To The Editor:

My first impulse upon reading Milton Klonsky’s review of Lonely Crusade in the February COMMENTARY was to ignore it. Seldom has a calumny of this bitterness been published in a journal of COMMENTARY’s stature. But to ignore it might give rise to speculations that Mr. Klonsky’s comments have validity. I assure you, they have no validity.

The truth is that Mr. Klonsky’s comments evidenced a closer resemblance to hate catharsis than to literary criticism. While this might be permissible in a novel, giving to it an authenticity of emotion, it is intolerable in critical analysis. . . .

Reactions as expressed in Mr. Klonsky’s comments come only from subconscious disturbances within the individual. Lonely Crusade has touched upon such a disturbance in Mr. Klonsky’s personality to bring forth this geyser of vituperation. And that is as it should be; a catharsis of our prejudices off times effects the cure. However, it should not be presented as valid literary criticism. . . .

When Mr. Klonsky writes: “The professed purpose of these books is to prod the American public out of its apathy,” he is indulging in an even greater absurdity than the Communist perverters of literature. My purpose in writing Lonely Crusade was to create a novel out of the theme of one man, a Negro, searching for manhood. I had no other purpose; I endeavored to argue no point, grind no axe. The search of this man, Lee Gordon, for manhood is the lonely crusade. This story could have been written about a Jew, a Gentile, a Chinese, an Indian. It was written about a Negro. . . .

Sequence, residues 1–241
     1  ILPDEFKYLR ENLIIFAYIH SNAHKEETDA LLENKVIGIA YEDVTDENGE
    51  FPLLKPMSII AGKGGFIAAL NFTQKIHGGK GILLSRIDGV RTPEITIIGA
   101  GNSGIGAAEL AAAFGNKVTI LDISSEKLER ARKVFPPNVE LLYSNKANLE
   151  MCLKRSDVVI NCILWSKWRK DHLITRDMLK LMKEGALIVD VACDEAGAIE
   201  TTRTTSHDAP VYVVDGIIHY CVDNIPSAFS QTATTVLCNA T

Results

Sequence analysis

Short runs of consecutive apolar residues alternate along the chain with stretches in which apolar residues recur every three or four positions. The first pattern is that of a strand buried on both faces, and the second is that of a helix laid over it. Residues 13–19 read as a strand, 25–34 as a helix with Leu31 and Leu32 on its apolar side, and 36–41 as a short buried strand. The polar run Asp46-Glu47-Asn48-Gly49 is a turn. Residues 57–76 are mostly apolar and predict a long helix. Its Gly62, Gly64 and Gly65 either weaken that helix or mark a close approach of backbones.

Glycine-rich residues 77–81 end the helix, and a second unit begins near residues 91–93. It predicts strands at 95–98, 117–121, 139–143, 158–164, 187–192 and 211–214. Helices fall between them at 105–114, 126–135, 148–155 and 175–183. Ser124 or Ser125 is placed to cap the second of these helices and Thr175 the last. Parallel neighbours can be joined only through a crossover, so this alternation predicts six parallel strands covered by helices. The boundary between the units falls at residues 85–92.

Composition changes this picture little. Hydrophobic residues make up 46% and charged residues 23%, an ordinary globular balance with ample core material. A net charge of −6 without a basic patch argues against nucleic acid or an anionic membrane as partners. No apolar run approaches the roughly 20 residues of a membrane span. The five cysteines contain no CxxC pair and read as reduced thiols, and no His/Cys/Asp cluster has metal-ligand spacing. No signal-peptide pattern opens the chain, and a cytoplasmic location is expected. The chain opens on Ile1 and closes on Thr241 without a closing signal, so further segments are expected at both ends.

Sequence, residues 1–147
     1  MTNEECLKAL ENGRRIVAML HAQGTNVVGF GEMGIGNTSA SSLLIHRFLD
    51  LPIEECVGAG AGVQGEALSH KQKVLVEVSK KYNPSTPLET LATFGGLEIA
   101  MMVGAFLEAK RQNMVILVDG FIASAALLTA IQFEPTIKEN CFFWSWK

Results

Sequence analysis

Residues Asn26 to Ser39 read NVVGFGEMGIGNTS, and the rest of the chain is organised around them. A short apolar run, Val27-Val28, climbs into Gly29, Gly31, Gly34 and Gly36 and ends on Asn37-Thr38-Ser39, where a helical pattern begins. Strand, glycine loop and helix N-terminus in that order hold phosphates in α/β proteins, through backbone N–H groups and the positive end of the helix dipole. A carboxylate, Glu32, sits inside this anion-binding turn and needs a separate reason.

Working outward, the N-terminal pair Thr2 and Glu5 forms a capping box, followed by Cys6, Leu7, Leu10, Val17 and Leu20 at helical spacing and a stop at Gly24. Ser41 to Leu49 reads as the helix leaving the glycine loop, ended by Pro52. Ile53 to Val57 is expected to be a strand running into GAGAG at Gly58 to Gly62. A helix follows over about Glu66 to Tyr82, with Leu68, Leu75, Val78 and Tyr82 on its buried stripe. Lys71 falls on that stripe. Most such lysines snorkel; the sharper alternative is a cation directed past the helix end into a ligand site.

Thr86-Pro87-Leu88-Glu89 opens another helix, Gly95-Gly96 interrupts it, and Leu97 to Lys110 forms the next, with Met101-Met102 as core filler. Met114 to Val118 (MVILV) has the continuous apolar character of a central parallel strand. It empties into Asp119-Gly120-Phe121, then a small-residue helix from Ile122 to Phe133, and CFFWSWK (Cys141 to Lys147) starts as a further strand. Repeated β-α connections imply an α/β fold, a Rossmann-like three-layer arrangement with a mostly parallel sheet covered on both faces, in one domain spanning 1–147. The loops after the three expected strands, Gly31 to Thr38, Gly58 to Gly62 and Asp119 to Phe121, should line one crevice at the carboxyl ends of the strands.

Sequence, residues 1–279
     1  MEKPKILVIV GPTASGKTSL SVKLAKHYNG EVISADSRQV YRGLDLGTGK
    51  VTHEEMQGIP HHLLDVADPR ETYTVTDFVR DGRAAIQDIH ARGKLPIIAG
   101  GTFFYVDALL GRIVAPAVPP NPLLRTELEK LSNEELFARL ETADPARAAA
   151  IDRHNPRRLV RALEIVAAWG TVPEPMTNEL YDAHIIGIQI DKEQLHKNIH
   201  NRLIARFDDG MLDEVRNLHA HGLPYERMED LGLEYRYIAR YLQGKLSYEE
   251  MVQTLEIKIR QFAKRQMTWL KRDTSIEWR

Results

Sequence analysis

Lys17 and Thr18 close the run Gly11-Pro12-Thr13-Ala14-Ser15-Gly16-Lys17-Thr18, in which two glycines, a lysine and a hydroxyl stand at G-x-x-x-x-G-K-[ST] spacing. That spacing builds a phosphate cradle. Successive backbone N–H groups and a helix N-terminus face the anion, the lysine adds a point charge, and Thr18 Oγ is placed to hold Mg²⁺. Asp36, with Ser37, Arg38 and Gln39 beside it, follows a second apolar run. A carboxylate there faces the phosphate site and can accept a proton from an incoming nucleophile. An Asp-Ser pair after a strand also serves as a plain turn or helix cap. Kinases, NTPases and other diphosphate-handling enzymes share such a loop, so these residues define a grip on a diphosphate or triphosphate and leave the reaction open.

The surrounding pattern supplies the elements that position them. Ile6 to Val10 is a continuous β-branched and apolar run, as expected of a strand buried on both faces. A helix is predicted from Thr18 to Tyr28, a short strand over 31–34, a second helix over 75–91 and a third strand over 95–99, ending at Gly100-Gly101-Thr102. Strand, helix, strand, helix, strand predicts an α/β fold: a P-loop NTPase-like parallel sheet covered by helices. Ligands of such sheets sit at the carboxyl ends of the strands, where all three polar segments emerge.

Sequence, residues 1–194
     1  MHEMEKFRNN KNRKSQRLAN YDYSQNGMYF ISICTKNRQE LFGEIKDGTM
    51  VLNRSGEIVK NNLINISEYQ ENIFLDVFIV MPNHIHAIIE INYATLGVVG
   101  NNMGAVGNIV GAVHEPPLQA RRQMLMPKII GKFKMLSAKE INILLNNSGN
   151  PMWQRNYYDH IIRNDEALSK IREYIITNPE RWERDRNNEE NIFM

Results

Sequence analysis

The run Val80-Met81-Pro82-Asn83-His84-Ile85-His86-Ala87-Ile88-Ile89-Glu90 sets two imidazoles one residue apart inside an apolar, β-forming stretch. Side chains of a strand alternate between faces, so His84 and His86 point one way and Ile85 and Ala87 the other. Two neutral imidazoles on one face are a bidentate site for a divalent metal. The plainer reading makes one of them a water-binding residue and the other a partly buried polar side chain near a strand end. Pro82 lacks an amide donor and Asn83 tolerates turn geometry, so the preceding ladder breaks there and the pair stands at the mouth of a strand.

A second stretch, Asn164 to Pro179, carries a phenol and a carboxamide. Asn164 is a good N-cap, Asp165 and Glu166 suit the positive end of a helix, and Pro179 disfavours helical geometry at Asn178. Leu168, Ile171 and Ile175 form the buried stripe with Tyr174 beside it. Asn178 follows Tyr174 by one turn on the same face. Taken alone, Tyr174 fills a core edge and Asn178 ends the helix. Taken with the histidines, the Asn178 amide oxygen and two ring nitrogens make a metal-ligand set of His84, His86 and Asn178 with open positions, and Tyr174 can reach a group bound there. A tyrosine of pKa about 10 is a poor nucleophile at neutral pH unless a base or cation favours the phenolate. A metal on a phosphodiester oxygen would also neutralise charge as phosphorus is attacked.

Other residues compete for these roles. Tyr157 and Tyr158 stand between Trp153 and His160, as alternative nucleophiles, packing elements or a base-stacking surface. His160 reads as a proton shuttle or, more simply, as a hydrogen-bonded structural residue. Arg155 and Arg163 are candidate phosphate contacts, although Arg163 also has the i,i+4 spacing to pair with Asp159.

The situations which arise in the narrative do not even begin to encompass the daily brutalities suffered by most American Negroes. It is not intended that they should. Protest against racial injustice was not my principal objective. If such protest is not implicit in my delineation of the destruction of the human personality by oppression, there is no greater protest I can make.

As a Negro, my protagonist, Lee Gordon, is the victim of oppression. The impacts of this oppression generate within him many self-destructive forces—fear, insecurity, anti-Semitism, color psychosis, etc.; in his search for manhood these forces comprise psychological barriers which he must overcome. The fact that he is able to, and does in fact overcome these barriers, should have an inspirational value to all who are oppressed. That was my aim, to inspire those who, like myself, are exposed to the self-destructive forces of oppression, who must continuously and valiantly struggle against acceptance of inferiority; to impart to them, and to myself, the knowledge “that we can, when the occasion calls for it, fight and die for a cause that is greater than any one life, or any one man, or any one group of men.”

Chester Himes
Bronx, New York



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